Organic acids have been used extensively for the last decade as a viable alternative to antimicrobial agents now banned in Europe and the rest of the world. Still, despite their widespread use, there are six important questions that many livestock producers continue to pose to technical personnel. Unfortunately, there is no consensus regarding their answers, but if you know what to look for, one might find the incentive to search for the answer or a better product.

1.  Which organic acid is best?

This is the toughest question, especially when the person asked is selling organic acids! The reason we don't have a clear answer to this question is because there is no longer public funding of research to compare side-by-side all available organic acids. The fact that the perfect organic acid will differ according to overall diet composition only makes things worse.

2.  How much organic acid is required?

Research conducted in the 1990s indicated for organic acids to fully replace antibiotics in their growth promoting effects, inclusion rates should exceed 1 percent and they might be as high as 2 percent. Yet, modern commercial practice calls for no more than 0.5 percent inclusion rates, with some being as low as 0.01 percent. Why the difference? The answer is two-fold. Adding large amounts of organic acids makes the animal feed prohibitively expensive. Also, modern livestock diets are formulated to be gut-friendly, which reduces the need for high levels of organic acids.  However, this is just a hypothesis to which I ascribe based on my own practical experiences.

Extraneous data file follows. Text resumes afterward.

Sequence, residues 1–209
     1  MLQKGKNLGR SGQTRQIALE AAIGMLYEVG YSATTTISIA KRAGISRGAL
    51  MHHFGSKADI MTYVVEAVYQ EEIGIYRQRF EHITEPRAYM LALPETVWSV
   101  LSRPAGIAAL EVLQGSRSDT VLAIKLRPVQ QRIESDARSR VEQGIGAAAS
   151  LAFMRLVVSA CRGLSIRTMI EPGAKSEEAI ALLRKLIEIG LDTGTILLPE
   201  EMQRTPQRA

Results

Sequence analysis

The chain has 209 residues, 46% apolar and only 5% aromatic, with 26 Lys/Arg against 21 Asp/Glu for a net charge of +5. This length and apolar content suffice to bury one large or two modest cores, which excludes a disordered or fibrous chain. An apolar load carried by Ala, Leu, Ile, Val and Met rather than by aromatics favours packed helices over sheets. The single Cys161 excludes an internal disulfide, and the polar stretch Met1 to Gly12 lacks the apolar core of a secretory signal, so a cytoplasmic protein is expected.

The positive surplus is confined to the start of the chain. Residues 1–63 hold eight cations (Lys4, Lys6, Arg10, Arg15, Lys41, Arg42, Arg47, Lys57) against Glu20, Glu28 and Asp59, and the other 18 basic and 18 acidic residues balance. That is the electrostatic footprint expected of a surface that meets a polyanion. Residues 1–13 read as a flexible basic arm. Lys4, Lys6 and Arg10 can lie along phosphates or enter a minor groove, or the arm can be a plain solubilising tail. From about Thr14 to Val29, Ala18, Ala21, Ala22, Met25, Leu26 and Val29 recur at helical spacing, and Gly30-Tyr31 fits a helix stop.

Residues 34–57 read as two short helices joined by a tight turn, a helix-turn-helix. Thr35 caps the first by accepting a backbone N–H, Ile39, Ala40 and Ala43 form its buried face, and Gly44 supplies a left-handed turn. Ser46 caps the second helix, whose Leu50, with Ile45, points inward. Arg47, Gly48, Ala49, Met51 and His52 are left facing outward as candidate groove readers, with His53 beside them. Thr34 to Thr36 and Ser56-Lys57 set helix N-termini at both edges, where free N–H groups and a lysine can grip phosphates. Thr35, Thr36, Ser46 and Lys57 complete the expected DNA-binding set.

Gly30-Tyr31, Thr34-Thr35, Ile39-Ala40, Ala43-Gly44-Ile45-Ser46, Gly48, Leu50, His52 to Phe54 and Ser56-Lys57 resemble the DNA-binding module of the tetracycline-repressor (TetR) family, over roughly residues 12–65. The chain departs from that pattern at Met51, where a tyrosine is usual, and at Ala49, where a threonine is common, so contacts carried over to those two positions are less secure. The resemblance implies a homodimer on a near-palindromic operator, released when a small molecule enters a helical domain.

3.  Why not add inorganic acids?

Both phosphoric acid and hydrocloric acid (but not sulfuric acid) when used at very low concentrations have been shown to be as effective as organic acids. Perhaps, the answer has to do with the highly corrosive effects of these inorganic acids, or because they cannot be branded as efficiently as the organic ones. But, they do work!

4.  Single acid or blend?

There are so many single organic acids that work just fine, and yet, there are certain blends that are equally effective. In fact, it has to do with the desired effect. In my own feeds, I use two acids: one for acidification and the other for taste and improved digestibility. If I were to make a diet for a lactating sow, for example, and I needed to acidify the urine, I would certainly use a totally different single acid.

5.  Pure acids or salts?

Most pure acids can be corrosive, yet highly effective at smaller dosages. Salts are not so corrosive, but you need a higher dosage to get the same antimicrobial effect. This is because not 100 percent of an acid salt is acid! In addition, pure butyric acid smells so awful that feed mill workers refuse to work! Nowadays, there are certain versions of butyric acid that "stink" less.

6.  Coated or not coated?

It depends on the desired function and the nature of the acid. Some acids become ineffective as soon as they reach the stomach. Others work better. Still, some straight acids offer a stronger response. When it comes to butyric acid, coating is the only solution to its offensive nature. Personally, I have not used any coated products, because I have not seen any convincing evidence of their benefits. However, other nutritionists wholeheartedly vouch for them!

I believe it is evident that we use organic acids mostly based on limited information and much personal experience. It would have been great if we could clarify the field, but I don't believe this is going to happen anytime soon. Until then, common sense and trial-and-error are the only means to answer the above six questions.